In the time periods 1971-1972 and 2000-2001, sexual activity among men increased from 47% to 66%, and in women from 12% to 34%. Sexual activity was related to positive attitude toward sexuality, sexual debut before age 20, having a very happy relationship, having a physically and mentally healthy partner, self-reported good global health, interviewer-rated good mental health, being married/cohabiting, satisfaction with sleep, and drinking alcohol more than three times a week. Having an older partner, diabetes mellitus, coronary heart disease, higher physical health-sum score, and depression were related to less sexual activity. Interaction effects for birth cohort, with stronger positive associations in 1971-1972, were found for positive attitude toward sexuality, strong desire at age 20-30, premarital sexuality, having a younger partner, self-reported good global health, interviewer-rated good global mental health, overweight, and satisfaction with sleep. Having an older partner and depression showed stronger negative associations in the 1970s. Physical health-sum score showed a stronger negative association in 1992-2001.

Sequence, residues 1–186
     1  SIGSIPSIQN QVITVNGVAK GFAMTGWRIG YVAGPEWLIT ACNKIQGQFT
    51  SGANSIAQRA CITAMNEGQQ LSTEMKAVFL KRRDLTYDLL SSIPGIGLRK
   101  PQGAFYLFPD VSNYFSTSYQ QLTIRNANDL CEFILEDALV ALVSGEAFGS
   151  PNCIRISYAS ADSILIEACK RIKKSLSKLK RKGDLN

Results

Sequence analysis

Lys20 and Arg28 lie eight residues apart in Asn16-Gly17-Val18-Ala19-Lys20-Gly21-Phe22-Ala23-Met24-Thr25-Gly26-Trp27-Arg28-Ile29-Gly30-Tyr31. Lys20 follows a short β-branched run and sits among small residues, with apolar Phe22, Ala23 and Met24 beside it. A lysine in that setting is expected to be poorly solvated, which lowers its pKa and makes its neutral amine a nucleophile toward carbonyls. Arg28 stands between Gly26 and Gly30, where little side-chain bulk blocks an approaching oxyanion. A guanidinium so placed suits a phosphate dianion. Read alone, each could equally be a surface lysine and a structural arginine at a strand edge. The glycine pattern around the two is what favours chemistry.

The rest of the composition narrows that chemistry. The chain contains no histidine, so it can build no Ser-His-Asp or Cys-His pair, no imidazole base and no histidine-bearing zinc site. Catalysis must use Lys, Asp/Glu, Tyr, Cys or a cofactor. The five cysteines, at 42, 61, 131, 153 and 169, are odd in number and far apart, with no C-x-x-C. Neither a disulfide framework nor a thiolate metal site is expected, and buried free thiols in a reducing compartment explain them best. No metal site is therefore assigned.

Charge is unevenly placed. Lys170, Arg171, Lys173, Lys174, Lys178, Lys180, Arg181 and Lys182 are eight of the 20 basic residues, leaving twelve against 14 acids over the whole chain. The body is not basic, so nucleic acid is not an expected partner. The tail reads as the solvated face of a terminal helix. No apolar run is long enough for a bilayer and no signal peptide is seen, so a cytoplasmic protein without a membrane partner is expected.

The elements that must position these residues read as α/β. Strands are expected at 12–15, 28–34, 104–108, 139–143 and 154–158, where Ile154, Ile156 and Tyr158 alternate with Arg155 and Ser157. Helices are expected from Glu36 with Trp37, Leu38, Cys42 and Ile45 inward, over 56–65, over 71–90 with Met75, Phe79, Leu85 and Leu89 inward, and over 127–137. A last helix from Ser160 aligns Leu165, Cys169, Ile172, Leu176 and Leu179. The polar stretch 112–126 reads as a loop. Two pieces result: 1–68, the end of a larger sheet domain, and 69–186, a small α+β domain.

We found that determinants of sexual activity in older people are numerous and varied, and change over time. It is thus important that health professionals and others take a holistic approach when dealing with sexual problems in older adults. Sexual aging should be part of health care and medical education. Clinicians should be trained to ask older patients about sexual concerns.
PubMed ID
24251617 View in PubMed
Less detail

Does the Mediterranean diet predict longevity in the elderly? A Swedish perspective.

https://arctichealth.org/en/permalink/ahliterature139035
Source
Age (Dordr). 2011 Sep;33(3):439-50
Publication Type
Article
Date
Sep-2011
Author
Gianluca Tognon
Elisabet Rothenberg
Gabriele Eiben
Valter Sundh
Anna Winkvist
Lauren Lissner
Author Affiliation